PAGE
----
Pastoral enclave created on rock

July 24, 1994|By Edward Lee | Edward Lee,Sun Staff Writer

The neighborhood profile of July 24 incorrectly reported the history of the Hampton area. Col. Charles Ridgely bought the property in 1745 from Ann Hill, whose father Col. Henry Darnall received it as a land grant from Lord Baltimore in 1695.

The Sun regrets the error.

On the 1.3-acre St. Francis Road property that Larry Carico calls home stands a 65-foot white pine -- a symbol of his commitment to his neighborhood.

"That tree has lived with me, and I've lived with it," says Mr. Carico, 79, who received the tree as a gift 35 years ago and has lived at his current address for almost 42 years. "You get used to it, and it's a part of you."

FOR THE RECORD - CORRECTION

Such is a common feeling among residents of Hampton -- a Towson community close to the Beltway developed in the 1920s, where the lot size is still at least one acre. Lured by Hampton's proximity to Baltimore and its ability to stay relatively undeveloped, many of the current owners are in their 70s with no intention of leaving.

"They'll have to carry me out of this place," says Dick Tarallo, co-founder of a Fallston-based engineering consulting firm and a resident of Hampton for 38 years. "We'll stay here as long as we physically can."

Hampton has about 600 homes, typically stone and brick on an acre or more, shielded by towering trees and gentle slopes. Sixteen Hampton homes currently are on the market, with an average listing price of $310,218.

Many of the homes available for purchase are ranchers, ranging from $189,000 for three bedrooms and two bathrooms to $449,000 for five bedrooms and four baths. A small number of the homes are two-story Colonials, ranging from $295,000 to $349,000 for four bedrooms and 2 1/2 baths.

Homes there increasingly are being snapped up by younger families -- a trend that has Ronald Porterfield, president of the Hampton Improvement Association, smiling.

"It's a revitalization of the community itself," he said. "Families with children are a positive influence in any community. I love to see that."

The Hampton area -- basically defined by Providence Road to the east, the Beltway to the south, Dulaney Valley Road to the west and Seminary Avenue to the north -- is best known for the Hampton National Historic Site and Notre Dame Preparatory School, both off Hampton Lane.

Colonel Ridgely

The area originally was owned by Col. Charles Ridgely, who received the property in a land grant from King George III of England during the 1780s. Colonel Ridgely formed the Northampton Co., an ironworks that produced round shot for rifles and cannons. The Ridgely family turned the area into a massive farming industry.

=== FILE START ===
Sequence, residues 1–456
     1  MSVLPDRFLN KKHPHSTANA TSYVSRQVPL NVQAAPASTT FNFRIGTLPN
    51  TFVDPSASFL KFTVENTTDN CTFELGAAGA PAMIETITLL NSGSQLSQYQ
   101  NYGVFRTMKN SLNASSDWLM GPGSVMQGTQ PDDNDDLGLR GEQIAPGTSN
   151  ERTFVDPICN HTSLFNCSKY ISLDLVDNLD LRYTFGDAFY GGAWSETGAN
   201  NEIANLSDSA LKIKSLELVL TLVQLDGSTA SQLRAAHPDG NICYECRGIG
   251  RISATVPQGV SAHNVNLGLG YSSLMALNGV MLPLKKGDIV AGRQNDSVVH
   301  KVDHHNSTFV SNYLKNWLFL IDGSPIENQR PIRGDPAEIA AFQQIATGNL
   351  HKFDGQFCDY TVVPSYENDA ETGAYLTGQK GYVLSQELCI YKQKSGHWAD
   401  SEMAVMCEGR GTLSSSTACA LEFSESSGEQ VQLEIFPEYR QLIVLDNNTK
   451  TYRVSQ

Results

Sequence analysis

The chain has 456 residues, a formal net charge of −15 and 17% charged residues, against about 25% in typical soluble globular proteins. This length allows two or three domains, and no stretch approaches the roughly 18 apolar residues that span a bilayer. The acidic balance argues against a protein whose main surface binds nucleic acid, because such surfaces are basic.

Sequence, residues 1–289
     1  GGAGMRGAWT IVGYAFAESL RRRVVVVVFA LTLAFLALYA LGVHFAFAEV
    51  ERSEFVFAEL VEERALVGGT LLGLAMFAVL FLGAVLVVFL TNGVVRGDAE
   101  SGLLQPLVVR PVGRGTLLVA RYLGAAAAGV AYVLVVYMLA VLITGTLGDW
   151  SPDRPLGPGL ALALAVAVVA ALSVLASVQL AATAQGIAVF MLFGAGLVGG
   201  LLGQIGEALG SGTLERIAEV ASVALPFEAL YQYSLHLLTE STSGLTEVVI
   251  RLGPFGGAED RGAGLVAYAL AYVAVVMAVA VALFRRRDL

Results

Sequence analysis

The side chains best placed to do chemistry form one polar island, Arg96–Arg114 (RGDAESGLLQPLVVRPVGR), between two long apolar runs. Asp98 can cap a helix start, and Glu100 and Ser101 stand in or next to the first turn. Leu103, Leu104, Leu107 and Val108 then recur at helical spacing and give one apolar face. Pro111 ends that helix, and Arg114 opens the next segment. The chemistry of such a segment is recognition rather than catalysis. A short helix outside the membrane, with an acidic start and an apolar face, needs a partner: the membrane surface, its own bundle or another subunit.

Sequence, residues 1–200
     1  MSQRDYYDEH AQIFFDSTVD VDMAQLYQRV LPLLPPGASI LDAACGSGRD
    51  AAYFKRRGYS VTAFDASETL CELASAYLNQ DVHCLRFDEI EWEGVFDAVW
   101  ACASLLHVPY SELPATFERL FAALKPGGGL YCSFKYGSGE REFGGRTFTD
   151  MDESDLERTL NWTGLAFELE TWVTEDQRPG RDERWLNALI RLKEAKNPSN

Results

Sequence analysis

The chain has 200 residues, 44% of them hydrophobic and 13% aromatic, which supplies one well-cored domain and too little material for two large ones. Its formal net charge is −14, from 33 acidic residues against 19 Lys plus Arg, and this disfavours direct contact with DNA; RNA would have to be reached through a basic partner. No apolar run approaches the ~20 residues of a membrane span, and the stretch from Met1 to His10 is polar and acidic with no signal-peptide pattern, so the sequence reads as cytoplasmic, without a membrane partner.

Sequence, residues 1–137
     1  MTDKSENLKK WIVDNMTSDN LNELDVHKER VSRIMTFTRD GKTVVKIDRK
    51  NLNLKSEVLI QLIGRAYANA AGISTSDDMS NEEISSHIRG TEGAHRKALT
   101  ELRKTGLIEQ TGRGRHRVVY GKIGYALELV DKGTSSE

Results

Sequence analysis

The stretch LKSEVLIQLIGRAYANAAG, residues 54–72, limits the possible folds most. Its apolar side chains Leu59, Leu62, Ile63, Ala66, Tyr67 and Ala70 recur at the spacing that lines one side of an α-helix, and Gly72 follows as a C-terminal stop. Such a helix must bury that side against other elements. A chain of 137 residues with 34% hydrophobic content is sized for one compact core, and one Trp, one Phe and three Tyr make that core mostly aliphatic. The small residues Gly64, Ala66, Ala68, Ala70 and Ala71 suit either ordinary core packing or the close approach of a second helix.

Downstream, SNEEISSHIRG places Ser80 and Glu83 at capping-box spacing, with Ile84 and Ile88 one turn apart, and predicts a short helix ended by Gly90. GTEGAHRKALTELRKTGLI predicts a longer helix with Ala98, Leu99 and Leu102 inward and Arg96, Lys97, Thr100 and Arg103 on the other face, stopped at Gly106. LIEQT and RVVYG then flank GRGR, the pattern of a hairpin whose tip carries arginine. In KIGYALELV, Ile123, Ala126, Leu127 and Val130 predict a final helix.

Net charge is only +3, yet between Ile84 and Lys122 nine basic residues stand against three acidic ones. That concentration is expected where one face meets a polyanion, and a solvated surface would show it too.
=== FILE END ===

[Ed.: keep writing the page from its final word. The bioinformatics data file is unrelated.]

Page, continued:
That began to change at the turn of this century, when the family came on hard times, says Mr. Tarallo, a local historian. The Ridgelys, whom Mr. Tarallo called "land rich but money-wise poor," started to sell land to developers during the 1920s, with the plots divided into three sections.

But the Ridgelys wanted to preserve what Mr. Tarallo called "gentlemen estates." So the family instituted covenants, defining what the owners could do with their property. The covenants -- including forbidding further division of land for private sale and certain limitations for additions -- still are enforced today.

A few Hampton residents have tried to get around the covenants, but to no avail so far.

The improvement association took a Seminary Avenue homeowner to court after he tried to subdivide his property for private sale. A judge ordered him to drop his plans.

Another lawsuit filed by a Windygate Road couple challenging the validity of the covenants is pending.

Hampton is also unique in its topography. Many of the homes were built on a rock foundation that until recently prevented the homes from having public water and sewage system. Until the 1980s, most of the homes had septic tanks and wells.

But that began to change in 1984 when Baltimore County won a legal battle to install a sewage system for 150 houses whose septic tanks had failed, causing raw sewage to run off into Long Quarter Branch and eventually into the Loch Raven Reservoir.

The county blasted the rock with dynamite -- sometimes 16 feet down -- and installed a line to the nearby Long Quarter Pumping Station at Dulaney Valley and Seminary roads.

Sections of the pipe have broken in recent years, causing sewage to flow into the watershed. The County Council decided in January 1993 to replace the line. However, the prospect of further noise and possible damage to residents' homes and properties when the work starts later this year is not an idea pleasing to Mr. Porterfield.

"This represents a trauma statement because of the bad experience they had before," says Mr. Porterfield. "Not only was the job marginally constructed, but also the breaks continue to occur."

But Mr. Carico, who retired 18 years ago from Chesapeake and Potomac Telephone Co., said he thinks the work is necessary.

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